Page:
I will take up my pencil

Hello All

While we are enjoying* this extended period of warm weather here in the UK it is good to get out and about. I fear all too soon we will be saying ‘Do you remember the summer of 2018?’ Much as we used to say ‘Remember the summer of ’76?’ (you perhaps have to be longer in the tooth for the latter … check with your parents … grandparents).

So at the invitation of my friend KS and her son AB I jumped on one of my favourite buses – you guessed it Stagecoach 555 – to Keswick with one destination in mind.

It is years since I visited this little gem of a museum and in the meantime it has moved out of the old factory site – production has now moved to Workington a short-ish bus ride away – to a purpose built unit in the old factory grounds.

If you wondered where pencils came from ponder no more! The first pencil was made in Keswick, here in good old Cumbria – once called Cumberland around these parts – over three centuries ago. Glad they have kept the Pencil Museum in Keswick as it is ever popular with visitors of all ages and it seems only right to keep it in the birthplace of the pencil.

For the outing I became part of KSs family (ticket) and enjoyed the delights within for free. The staff were super friendly, we all got pencils (which we kept) and opted to share a quiz sheet.

We crouched through the replica graphite mine adjusting our eyes to the darkness and watching out for the ‘miners’ frozen in their perpetual task of extracting graphite for our beloved HBs. Then all was light as we emerged into the bright and airy exhibits’ hall.

Keswick Pencil Museum boasts many quirky artefacts. Such as ….

The longest pencil in the world. It is true, it is verified by that bible of such peculiar facts The Guinness Book of Records. There is even a certificate to prove it:

Along with the huge are the small. There is a fascinating display showing how MI5 commissioned specially hollowed out pencils – to carry maps – topped with rubbers (erasers) that hid a handy compass. I learnt a lot about the humble pencil: how many are made a year (lots and lots); what sort of wood is used (clue: it comes from a tree) and what was used as an eraser before the rubber (who would have thunk it!).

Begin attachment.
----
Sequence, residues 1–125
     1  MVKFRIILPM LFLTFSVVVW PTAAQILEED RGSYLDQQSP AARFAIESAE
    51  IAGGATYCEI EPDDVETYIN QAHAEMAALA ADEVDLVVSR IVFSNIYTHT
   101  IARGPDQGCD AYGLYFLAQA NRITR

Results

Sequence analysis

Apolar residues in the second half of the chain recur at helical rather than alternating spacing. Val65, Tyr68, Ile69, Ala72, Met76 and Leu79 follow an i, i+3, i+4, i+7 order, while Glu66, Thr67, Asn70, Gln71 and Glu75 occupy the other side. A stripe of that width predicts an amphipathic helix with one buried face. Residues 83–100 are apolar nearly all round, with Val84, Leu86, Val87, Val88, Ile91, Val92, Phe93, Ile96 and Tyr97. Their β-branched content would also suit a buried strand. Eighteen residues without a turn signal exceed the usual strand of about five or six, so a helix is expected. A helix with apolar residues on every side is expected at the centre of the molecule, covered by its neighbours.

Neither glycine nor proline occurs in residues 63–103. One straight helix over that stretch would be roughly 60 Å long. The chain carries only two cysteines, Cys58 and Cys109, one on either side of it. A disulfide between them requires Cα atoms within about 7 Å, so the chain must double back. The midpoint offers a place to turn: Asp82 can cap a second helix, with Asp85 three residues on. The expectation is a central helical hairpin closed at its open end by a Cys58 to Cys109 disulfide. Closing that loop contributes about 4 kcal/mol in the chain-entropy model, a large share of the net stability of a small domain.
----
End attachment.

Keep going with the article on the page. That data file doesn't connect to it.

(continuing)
Amongst the displays were many wonderful collections of pencils

The damage to this lovely old example tells a more recent tale of Keswick’s history. It shows how high the flood waters rose during Storm Desmond in 2015.

Now to another gem…literally

To commemorate the Queen’s Diamond Jubilee in 2012 Derwent crafted a special Diamond Jubilee Pencil. Only two were made one was presented to the Queen (money always goes to money!) and the other is displayed at Keswick.

The Diamond Jubilee Pencil is a work of great skill. It is made from graphite taken from the original mine and was crafted by means of the traditional methods used before 1832. To top it off the crown is encrusted with 60 diamonds supported by white gold lilies to symbolise royalty. KS and AB wondered whether the Queen uses hers to write her shopping lists. I do hope so…I hope she writes all sorts of lists,’tis the simple pleasure of us humble folk!

We finished our tour with one of the Calvert Trust sheep which was commissioned by Derwent and formed part of the Herdwick Trail in 2016. Derwent’s sheep was decorated to resemble a dry-stone wall. A very colourful wall! each of the ‘stones’ were coloured using Derwent’s Inktense blocks and the lines between them were made with Inktense pencils and blocks.

One final look back:

before browsing the wonderful shop, drooling over the colours, pencils, brushes, pastel blocks and inks and then toddling over the road to Kat’s Kitchen for some cold drinks supped while viewing the beautiful landscape that surrounds Keswick.

I opened with a part quote from Vincent Van Gogh in the title. To close I bring you one from Stan Laurel:

You can lead a horse to water, but a pencil must always be led!

Until next we meet

Moke xxx

* The sunny weather is not bringing joy to all. My heart goes out to the numerous firefighters, soldiers and volunteers that are working day and night in awful conditions on moors and heaths to douse and control numerous fires. Mx

Comfort blanket